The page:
Some problems are not really legal—or are not exclusively legal—and can be handled, at least in part, with the help of other professionals, such as accountants, doctors, psychologists, the clergy, or other counselors. But many problems do have a legal dimension and require a lawyer's help. The following questions and answers provide guidance.
Are there specific cases when I should see a lawyer?
Yes, some matters are best handled by a lawyer. Nearly everyone agrees that you should talk with a lawyer about major life events or changes. Some examples might include: being arrested for a crime; being served with documents related to a legal proceeding or lawsuit; being involved in a serious accident causing personal injury or property damage; a change or pending change in family status, such as divorce, birth, adoption, or death; a change or pending change in financial status, such as filing for bankruptcy or getting or losing valuable personal property or real estate.
Should I save money and wait until I absolutely need a lawyer's services?
No. An ounce of prevention is worth many dollars and anxious hours of cure. Once you have determined that you need professional legal help, get it promptly. You can get the most help if you are in touch with a lawyer as soon as possible.
What exactly is a lawyer?
A lawyer (also called attorney, counsel, counselor, barrister, or solicitor) is a licensed professional who advises and represents others in legal matters. Today's lawyer can be younger or older, male or female. Nearly one-third of all lawyers are under the age of thirty-five. Almost half the law students today are women, and women will probably ultimately be as numerous in the profession as men.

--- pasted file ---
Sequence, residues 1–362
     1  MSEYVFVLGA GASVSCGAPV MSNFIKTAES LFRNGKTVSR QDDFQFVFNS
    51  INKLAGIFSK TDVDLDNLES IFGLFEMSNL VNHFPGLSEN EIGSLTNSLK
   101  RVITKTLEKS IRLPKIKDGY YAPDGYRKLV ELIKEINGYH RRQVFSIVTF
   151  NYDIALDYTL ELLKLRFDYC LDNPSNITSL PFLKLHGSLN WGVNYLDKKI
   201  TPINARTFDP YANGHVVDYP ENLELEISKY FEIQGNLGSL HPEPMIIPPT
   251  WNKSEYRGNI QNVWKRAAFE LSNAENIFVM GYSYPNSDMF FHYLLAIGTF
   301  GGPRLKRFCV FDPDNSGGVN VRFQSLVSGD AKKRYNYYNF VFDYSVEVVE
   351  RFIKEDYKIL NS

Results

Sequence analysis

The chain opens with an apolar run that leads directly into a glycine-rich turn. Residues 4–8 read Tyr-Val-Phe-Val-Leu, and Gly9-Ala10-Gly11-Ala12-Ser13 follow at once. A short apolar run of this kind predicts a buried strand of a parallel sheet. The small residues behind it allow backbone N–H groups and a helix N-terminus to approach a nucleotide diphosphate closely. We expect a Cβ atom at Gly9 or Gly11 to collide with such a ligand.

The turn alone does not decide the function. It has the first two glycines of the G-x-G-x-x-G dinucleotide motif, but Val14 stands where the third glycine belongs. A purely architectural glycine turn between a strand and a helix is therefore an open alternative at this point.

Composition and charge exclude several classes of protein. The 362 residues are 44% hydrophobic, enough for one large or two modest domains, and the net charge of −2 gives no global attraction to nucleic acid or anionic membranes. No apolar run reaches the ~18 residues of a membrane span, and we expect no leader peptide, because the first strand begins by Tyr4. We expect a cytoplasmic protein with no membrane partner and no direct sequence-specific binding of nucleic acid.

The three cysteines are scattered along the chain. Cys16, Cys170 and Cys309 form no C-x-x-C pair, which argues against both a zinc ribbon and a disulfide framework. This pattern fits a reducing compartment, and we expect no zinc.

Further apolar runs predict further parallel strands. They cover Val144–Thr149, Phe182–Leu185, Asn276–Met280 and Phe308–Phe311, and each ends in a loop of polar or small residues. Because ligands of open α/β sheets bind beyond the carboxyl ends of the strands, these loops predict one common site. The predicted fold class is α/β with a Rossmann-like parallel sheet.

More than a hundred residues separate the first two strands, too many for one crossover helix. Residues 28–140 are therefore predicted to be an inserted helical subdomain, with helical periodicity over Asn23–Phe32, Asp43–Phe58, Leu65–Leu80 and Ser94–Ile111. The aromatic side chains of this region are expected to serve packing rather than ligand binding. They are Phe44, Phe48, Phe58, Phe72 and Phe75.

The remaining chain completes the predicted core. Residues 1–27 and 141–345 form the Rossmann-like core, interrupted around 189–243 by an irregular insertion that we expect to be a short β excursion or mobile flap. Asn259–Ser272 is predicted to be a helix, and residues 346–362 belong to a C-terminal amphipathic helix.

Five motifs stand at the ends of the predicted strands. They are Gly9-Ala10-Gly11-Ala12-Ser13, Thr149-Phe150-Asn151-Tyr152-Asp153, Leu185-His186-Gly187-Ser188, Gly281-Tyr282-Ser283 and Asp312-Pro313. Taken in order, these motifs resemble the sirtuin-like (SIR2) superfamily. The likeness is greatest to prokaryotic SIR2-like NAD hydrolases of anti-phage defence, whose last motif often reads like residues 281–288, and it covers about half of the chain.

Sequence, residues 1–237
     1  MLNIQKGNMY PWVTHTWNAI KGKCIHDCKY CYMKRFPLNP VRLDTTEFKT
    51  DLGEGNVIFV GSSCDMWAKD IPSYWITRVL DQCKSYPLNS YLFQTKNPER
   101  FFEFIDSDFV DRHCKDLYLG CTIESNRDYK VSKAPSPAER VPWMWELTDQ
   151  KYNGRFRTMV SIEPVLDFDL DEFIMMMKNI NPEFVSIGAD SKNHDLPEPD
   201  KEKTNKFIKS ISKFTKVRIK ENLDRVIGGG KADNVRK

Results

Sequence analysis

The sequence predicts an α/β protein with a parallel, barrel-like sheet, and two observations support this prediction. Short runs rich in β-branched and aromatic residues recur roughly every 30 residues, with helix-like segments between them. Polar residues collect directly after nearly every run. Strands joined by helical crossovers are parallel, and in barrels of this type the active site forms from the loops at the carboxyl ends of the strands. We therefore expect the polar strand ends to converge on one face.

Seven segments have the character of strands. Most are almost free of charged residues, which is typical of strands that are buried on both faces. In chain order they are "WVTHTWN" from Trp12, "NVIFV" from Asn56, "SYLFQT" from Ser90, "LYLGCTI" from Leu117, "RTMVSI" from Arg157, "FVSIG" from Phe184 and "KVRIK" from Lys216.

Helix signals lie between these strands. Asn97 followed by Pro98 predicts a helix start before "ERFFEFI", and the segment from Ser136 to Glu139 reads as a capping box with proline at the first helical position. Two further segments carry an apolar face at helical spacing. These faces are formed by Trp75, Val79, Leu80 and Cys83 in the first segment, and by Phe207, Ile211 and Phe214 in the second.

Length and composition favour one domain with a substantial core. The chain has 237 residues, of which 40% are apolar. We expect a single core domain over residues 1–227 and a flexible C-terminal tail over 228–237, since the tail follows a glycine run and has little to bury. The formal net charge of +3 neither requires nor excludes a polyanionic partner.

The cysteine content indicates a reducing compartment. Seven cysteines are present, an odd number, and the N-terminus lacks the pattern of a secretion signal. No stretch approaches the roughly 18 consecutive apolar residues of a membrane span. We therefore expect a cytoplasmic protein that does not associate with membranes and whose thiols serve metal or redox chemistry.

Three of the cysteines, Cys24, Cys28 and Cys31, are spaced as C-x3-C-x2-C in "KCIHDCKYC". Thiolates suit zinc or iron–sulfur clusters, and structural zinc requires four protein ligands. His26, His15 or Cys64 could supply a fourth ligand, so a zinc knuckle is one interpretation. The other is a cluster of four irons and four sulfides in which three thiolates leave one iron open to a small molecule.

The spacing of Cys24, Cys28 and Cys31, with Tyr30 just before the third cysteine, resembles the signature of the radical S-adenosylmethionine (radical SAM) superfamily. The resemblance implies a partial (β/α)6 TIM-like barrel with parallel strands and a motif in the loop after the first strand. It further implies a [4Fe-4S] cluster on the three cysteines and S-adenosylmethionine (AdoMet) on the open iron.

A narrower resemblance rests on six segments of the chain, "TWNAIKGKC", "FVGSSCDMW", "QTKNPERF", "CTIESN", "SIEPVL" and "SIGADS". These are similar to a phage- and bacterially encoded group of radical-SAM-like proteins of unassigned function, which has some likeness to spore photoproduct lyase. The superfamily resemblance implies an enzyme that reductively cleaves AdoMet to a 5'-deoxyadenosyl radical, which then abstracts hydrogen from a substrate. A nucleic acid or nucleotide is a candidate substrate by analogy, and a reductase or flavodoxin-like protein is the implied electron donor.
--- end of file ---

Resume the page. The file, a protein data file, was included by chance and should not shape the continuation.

What are the professional requirements for becoming a lawyer?
Lawyers must go through special schooling and licensing. Before being allowed to practice law in most states, a person usually must: have a bachelor's degree or its equivalent; complete three years of education at an accredited law school; pass a state bar examination that usually lasts for two or three days and tests knowledge in selected areas of law; pass a national or state examination on professional ethics and responsibility; pass a character and fitness review by a committee that investigates his or her character and background; take an oath swearing to uphold the state and federal constitutions and the state laws where the person is sworn in; receive a license from the state supreme court; and in rare instances, complete an internship in a private or public legal or law office.
The information on this page was found at: http://www.americanbar.org/portals/public_resources/aba_home_front/information_center/working_with_lawyer/information_about_lawyers/when_do_you_need_lawyer.html